Imposing Justice Will Not Bring Reconciliation in Kosovo
This concerted effort to appease Belgrade has come at Kosovo's expense; Kosovo has been pressurised into acceding to a range of compromises which have undermined its sovereignty.
These include the agreement to establish a Serb-majority municipalities association of 2013, the creation of the Kosovo Specialist Chambers in 2015, and the September 2020 Washington agreement. In particular - and of greatest relevance to the subject of our edited collection - at Serbia's behest, the issue of addressing the crimes committed by Serbian forces in Kosovo in the 1990s has been essentially removed from the diplomatic agenda.
The EU - and indeed the US - has hosted dozens of summits between Serbia and Kosovo since 2008, but the focus has shifted markedly away from dealing with Serbia's past misdeeds, to 'normalisation' and future cooperation.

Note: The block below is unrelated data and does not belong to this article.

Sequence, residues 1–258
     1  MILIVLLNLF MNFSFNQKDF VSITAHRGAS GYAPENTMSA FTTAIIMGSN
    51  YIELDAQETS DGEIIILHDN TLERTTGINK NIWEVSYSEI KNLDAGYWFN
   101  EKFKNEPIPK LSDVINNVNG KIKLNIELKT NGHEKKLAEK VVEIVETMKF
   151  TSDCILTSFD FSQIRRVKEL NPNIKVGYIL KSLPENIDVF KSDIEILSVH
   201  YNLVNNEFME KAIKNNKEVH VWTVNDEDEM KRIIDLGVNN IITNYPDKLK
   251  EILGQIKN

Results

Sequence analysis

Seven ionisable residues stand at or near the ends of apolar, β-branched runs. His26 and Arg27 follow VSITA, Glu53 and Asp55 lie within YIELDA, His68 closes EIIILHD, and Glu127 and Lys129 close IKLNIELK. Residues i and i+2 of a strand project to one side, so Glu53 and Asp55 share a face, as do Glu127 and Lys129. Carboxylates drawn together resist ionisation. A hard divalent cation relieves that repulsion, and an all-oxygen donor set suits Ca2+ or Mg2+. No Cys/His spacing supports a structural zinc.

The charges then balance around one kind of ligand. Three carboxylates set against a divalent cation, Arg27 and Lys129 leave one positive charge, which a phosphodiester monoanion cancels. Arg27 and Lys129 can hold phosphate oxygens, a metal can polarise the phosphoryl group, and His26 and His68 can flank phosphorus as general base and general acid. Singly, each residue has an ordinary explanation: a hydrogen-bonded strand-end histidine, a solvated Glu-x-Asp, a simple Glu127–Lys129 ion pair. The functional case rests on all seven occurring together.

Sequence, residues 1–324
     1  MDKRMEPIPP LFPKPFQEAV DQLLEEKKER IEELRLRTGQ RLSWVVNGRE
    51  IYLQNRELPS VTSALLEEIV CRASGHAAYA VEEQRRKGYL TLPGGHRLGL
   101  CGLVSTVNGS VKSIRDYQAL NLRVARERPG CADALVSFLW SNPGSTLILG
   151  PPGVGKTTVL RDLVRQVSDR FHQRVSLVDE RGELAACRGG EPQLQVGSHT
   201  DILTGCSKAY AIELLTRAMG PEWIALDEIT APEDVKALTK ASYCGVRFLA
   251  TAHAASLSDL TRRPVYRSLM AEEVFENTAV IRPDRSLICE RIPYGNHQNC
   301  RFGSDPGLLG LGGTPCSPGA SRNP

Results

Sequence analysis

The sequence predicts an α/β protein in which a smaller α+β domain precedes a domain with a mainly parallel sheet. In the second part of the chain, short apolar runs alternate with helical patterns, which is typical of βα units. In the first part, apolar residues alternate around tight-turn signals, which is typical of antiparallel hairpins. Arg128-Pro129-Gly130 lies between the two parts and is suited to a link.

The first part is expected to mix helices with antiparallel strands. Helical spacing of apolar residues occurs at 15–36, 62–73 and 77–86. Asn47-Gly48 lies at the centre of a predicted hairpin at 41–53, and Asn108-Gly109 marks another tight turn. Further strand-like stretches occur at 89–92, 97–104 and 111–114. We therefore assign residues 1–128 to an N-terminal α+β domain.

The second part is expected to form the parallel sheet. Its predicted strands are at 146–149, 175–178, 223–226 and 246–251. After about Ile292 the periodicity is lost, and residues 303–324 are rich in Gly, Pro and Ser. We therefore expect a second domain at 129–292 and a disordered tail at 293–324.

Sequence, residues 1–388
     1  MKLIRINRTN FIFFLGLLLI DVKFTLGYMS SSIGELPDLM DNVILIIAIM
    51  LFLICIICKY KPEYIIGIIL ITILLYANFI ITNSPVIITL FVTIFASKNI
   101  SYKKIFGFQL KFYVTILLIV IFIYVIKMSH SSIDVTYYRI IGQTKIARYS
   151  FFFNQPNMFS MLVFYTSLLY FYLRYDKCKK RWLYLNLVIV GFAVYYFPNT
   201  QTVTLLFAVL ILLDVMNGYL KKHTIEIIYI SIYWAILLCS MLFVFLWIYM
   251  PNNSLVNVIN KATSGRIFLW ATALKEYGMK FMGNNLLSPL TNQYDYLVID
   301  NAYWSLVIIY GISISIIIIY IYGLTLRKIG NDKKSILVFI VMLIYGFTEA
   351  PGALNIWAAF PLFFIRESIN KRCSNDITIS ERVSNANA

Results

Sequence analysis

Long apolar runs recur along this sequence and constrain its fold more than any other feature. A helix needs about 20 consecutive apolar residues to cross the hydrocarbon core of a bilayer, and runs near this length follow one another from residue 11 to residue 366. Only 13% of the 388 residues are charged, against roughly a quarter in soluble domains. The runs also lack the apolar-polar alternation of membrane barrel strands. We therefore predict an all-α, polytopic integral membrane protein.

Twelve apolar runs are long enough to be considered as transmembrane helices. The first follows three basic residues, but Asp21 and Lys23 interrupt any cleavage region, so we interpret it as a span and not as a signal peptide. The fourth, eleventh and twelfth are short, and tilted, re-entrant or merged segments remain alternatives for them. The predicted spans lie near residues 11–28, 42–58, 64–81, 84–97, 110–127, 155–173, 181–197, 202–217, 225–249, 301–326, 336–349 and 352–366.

This has happened despite the fact that there are thousands of people from Kosovo still registered as disappeared and Serbia has failed to atone for the thousands of rapes, murders and tortures committed by its personnel during the systematic campaign of ethnic cleansing it waged in Kosovo, as is noted in many of the chapters in our new collection of analyses, Kosovo and Transitional Justice.
Indeed, in recent years Serbia's president and prime minster have publicly denied that certain massacres took place, with President Aleksandar Vucic even declaring in 2018 that Slobodan Milosevic was a "great Serbian leader who undoubtedly had the best intentions".
As noted by many of our contributors, those who survived Serbia's brutality in the 1990s, watching as their Western allies stay silent in the face of Serbian leaders repeatedly refusing to acknowledge their suffering, cannot but have evoked both...